Hupac: flat rate for transalpine transport from 2024
A flat rate for transalpine intermodal trains could cover the Swiss subsidy gap, suggested Hupac at its Annual Event in Zurich on 1 June. Swiss subsidies for combined transport on this corridor will be phased out starting 2024. A substantial lowering of track access charges could compensate for the lack of funds at that time.
This was the argument of Hupac’s president Hans-Jörg Bertschi, who was speaking at the event. The current very high track access prices for Swiss transit must be reduced to the level of the corridor countries, a “simple, non-discriminatory support measure that would send an immediate signal in favour of modal shift”, he said. The flat rate could be the equivalent of three Euros per train kilometre, he suggested, basing this estimate on a comparison with track access charges for freight trains in Germany and Italy.
It is expected that approximately two thirds of current government subsidies for intermodal transportation can be reduced by improvements in productivity with the opening of the Ceneri Base Tunnels and clearance of the 4-meter corridor, projects that are to be completed in 2020. Together with the infrastructure upgrading in Germany and Italy, the production parameters for intermodal should improve significantly.
As explained by Nicolas Perrin, CEO of SBB Cargo, a higher train weight of up to 1800 tonnes allows 13 per cent more capacity. Longer trains of 740 metre add another 23 per cent capacity. The 4-metre corridor via Gotthard extends the market by 50 per cent and the ETCS digitalszation project enables a higher frequency of trains, leading to a 20 per cent capacity increase. Finally, increased average speed of trains from 50 to 75 kilometre per hour will add another 50 per cent of capacity, Perrin outlines.
Despite these impressive prospects for the post 2020 Transalpine line, one third of current subsidies would still have to be granted under the current circumstances, Hupac believes. “In 2019, Germany will reduce the track access charges by up to 50 per cent for a period of five years, allowing railway undertakings to invest and to improve competitiveness. Incentives are in place in Italy and under discussion in other countries. Switzerland should do the same”, he said.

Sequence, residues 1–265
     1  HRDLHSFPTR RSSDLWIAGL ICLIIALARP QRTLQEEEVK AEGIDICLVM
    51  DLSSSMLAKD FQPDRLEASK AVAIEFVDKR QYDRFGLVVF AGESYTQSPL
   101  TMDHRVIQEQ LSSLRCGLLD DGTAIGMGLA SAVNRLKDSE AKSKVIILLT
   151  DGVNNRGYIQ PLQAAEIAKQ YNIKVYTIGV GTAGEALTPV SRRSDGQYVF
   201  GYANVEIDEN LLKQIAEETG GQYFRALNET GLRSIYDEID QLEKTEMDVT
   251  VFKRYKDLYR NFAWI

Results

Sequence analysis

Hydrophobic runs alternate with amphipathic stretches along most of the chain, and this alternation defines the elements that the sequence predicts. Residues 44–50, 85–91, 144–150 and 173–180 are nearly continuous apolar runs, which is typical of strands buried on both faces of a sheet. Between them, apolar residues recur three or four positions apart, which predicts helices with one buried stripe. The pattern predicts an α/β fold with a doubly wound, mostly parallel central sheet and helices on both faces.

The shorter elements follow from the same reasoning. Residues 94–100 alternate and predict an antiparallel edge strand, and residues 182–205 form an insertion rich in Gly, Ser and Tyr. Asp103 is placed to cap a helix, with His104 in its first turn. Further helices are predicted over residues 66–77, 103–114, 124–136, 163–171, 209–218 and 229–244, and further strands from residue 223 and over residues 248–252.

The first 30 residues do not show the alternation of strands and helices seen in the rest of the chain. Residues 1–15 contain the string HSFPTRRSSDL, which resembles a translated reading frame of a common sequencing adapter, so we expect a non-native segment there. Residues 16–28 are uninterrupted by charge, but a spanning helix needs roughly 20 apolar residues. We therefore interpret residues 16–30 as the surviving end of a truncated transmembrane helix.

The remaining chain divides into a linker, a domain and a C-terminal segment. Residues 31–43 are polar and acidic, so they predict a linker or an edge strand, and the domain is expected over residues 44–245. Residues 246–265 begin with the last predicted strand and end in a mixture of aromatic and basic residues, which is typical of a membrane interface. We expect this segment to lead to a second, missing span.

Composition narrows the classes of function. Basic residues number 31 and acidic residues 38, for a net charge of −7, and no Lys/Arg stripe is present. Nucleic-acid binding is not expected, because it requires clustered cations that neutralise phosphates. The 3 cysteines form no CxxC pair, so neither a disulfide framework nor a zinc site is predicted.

According to Joris d’Incà, sector leader of logistics at Oliver Wyman, the opening of the Ceneri Base Tunnel alone will not help improve performance on the north-south axis. Efficiency, punctuality and reduced transport times are also critical, he stated at the Annual Event. “In order to achieve shorter lead times and better punctuality across routes, it is necessary to manage the infrastructure along the north-south axis end-to-end from a single source and to develop a marketable product. The competitiveness of rail freight transport can only be achieved by infrastructure managers focusing more on the specific needs of the market, e.g. by fewer interruptions, short transitions and higher average speeds instead of an isolated optimisation of their own capacity utilisation and construction activity”.
Indeed, RFI, SBB Infrastructure and DB Netz have jointly prepared a first set of 24 daily paths for timetable 2019 with 25 per cent reduced transportation time between Cologne and Milano. “A promising first step”, Perrin commented. Moreover, DB Netz is preparing a scheme with malus payments for delay minutes that is asymmetrical in favour of railway undertakings and incentivises DB Netz to reduce disruptions.